February 27, 2012

Effective Cross Examination of an Expert Witness

Jonathan Park

The renowned general Sun Tzu once wrote that "the victorious strategist only seeks battle after the victory has been won."  This maxim squarely applies to the cross-examination of an expert witness, especially since you should know the exact substance of the expert's testimony in advance and thus have an opportunity to carefully plan your attack.  The following tips will help you do just that.


The effective cross-examination begins long before you first question the opposing expert in court.  At the expert's deposition, it is absolutely critical that you "box in" the expert regarding the exact opinions that he/she intends to give at trial, the basis for those opinions, and any assumptions the expert made in reaching those opinions.  At the end of the deposition, remember to use a catch-all question such as: "Other than the opinions you have already expressed today, are there any other opinions that you intend to give at time of trial?"  This should eliminate any surprises in the expert's testimony in court.


Not all experts are created equal.  Make sure to carefully research the expert's qualifications, community standing in the expert's own field, prior testifying experience.  It is likely this is not the expert's first time serving as an expert witness and/or testifying in court.  Prior cases involving the same expert can be a goldmine of information.  In a recent matter, I performed a basic search and discovered two different appellate cases specifically rejecting the expert's testimony because he had used an incorrect methodology - the same methodology he was trying to apply in my matter.


You should know the expert's report inside and out - every chart, figure, footnote, and how the different parts of the report interrelate.  In particular, you should know every error great and small in the report.  The expert should not be guiding you through his report (and opinions) during cross-examination.  Instead, you should be methodically leading the expert to reveal the errors or weak points in his/her report.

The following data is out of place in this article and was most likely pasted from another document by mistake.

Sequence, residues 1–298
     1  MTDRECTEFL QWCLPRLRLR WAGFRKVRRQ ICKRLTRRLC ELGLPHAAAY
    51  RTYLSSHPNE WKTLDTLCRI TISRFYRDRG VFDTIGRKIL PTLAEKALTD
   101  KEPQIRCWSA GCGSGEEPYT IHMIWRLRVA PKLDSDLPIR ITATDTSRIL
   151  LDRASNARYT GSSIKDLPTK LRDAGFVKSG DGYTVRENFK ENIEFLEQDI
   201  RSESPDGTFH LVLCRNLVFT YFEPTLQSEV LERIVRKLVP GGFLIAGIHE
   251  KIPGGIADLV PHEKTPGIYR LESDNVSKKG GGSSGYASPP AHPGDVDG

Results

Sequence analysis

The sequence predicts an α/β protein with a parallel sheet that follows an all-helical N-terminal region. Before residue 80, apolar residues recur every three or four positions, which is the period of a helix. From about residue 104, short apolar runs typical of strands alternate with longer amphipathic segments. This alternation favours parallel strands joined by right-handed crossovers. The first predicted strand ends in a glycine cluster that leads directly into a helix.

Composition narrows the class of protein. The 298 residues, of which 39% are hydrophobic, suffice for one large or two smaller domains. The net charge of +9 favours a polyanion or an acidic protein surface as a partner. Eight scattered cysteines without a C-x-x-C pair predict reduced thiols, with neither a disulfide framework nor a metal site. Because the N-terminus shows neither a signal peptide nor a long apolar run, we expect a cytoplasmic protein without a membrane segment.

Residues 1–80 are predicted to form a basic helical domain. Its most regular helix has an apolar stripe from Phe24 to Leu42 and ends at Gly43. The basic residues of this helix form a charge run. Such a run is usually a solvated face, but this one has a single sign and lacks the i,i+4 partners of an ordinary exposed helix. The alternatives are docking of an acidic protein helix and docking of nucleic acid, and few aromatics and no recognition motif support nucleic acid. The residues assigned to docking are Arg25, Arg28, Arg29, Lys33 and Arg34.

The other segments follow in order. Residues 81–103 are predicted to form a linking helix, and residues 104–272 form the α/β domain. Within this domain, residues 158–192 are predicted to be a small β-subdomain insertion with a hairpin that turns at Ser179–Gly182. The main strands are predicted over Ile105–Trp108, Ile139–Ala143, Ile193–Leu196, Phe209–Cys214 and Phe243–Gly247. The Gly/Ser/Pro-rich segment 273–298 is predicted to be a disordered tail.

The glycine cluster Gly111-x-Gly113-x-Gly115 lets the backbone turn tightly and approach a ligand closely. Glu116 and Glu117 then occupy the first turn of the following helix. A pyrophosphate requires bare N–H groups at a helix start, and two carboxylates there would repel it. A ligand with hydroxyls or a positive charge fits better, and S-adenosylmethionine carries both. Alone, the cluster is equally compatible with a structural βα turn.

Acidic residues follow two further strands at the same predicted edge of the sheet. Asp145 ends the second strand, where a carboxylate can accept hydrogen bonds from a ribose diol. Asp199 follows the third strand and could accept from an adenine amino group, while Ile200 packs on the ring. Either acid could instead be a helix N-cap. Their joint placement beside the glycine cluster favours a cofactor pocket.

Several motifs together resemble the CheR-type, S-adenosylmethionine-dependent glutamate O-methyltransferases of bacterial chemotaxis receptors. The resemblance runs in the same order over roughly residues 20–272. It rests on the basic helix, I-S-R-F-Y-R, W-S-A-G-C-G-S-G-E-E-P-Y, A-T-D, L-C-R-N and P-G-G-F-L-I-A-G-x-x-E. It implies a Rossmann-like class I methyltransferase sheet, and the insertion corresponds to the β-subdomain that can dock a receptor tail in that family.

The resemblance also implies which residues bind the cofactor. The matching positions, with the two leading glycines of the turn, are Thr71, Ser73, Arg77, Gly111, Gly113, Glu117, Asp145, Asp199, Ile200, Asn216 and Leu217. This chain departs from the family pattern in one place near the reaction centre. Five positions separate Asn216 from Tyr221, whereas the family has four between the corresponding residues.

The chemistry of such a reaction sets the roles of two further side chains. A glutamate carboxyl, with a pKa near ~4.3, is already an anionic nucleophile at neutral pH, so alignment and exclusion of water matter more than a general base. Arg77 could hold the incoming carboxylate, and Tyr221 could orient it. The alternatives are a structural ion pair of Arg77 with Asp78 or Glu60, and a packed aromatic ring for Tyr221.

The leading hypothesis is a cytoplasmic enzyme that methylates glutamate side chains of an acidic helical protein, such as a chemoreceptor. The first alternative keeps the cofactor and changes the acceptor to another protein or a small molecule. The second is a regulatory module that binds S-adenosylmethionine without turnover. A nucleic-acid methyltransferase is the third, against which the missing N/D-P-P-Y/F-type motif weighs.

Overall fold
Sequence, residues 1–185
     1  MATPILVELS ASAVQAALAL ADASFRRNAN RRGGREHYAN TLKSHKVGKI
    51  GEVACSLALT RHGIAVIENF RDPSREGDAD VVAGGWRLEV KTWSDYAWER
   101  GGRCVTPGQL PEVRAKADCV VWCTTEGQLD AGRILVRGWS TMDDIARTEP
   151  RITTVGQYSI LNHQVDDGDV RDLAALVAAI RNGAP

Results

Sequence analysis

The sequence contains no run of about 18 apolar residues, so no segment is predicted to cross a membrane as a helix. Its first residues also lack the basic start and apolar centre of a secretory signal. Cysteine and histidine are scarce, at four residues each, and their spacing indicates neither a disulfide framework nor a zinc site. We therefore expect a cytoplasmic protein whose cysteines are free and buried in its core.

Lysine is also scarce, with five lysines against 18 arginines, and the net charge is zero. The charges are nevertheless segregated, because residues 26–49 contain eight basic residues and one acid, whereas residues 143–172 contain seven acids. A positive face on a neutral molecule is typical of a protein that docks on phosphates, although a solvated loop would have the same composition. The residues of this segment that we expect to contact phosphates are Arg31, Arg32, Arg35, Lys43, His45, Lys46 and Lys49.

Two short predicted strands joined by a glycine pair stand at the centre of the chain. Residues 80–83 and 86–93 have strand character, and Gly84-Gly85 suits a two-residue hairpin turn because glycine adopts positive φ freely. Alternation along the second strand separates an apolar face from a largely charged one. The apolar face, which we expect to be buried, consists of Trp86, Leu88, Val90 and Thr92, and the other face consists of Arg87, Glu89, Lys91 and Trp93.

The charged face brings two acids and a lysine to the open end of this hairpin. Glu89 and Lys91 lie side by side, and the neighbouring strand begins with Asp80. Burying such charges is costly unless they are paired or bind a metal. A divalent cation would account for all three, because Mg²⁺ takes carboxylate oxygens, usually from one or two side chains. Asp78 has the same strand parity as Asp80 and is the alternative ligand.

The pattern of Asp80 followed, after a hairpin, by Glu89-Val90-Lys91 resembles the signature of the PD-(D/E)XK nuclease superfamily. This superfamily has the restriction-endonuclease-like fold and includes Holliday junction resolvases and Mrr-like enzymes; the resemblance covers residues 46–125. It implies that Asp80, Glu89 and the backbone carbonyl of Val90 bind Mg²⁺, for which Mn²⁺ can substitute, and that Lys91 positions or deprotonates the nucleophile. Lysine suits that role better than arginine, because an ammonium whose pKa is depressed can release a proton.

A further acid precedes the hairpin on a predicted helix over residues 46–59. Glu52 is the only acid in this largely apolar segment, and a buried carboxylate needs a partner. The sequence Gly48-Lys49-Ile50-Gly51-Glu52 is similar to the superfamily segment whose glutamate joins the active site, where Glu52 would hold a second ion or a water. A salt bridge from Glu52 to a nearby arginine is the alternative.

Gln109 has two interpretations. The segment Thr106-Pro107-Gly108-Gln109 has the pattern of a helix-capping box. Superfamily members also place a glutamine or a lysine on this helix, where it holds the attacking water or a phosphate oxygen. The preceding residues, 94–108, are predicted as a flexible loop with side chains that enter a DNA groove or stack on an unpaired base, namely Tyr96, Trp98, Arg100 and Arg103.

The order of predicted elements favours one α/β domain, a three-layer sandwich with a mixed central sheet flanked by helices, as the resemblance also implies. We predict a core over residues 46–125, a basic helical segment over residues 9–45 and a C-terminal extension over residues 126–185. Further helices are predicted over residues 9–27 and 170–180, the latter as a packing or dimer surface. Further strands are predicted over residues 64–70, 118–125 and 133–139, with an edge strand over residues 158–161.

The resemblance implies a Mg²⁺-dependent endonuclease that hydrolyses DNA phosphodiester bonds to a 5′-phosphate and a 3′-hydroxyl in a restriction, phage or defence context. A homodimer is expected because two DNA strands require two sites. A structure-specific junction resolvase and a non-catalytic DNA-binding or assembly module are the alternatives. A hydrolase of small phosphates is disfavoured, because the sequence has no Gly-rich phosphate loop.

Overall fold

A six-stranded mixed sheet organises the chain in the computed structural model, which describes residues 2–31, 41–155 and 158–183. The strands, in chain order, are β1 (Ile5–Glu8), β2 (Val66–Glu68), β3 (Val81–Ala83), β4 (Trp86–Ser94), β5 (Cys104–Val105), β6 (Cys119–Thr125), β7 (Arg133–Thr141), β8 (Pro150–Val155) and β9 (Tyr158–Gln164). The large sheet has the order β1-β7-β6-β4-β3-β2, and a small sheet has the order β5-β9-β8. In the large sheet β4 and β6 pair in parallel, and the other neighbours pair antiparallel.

Cross-examination of an expert is unique because you should know the exact substance of the expert's testimony in advance and thus have an opportunity to carefully plan your attack.  It is essential, therefore, to prepare a thorough cross-examination outline with direct references to the expert's deposition testimony and report.

In preparing your cross-examination outline, you should generally focus on only three or four key points of attack.  You may confuse (or worse, bore) the judge/jury with anything more.  There are several potential areas of weakness:

·         Poor qualifications and/or lack of expertise

·         Rushed/incomplete analysis

·         Insufficient data or information to perform analysis

·         Wrong assumptions

·         Bias

·         Incorrect methodology

·         Inaccurate work

Your cross-examination questions should be direct and not leave the expert any "outs."  Do not underestimate the ability of a seasoned expert to deflect your attacks.  Typically, you should seek "yes" or "no" answers from the expert.  If you are going to set a trap, think through all the possible responses and explanations and have follow up questions for each of the different ways the expert might answer.


It is crucial to listen carefully during the direct examination of the opposing expert.  Do not assume that the expert will simply repeat what he/she said at deposition or in his/her report.  Be attentive for any changes to the expert's opinions, basis for opinions, or assumptions.  You may need to quickly revise your own cross-examination to incorporate the expert's changed testimony.

Lastly, be flexible during the actual cross-examination.  Your cross-examination outline is not a script.  Follow the natural course of the examination.  That being said, keep track of the three or four key points you need to address and return to them, in turn, as appropriate.


Jonathan Park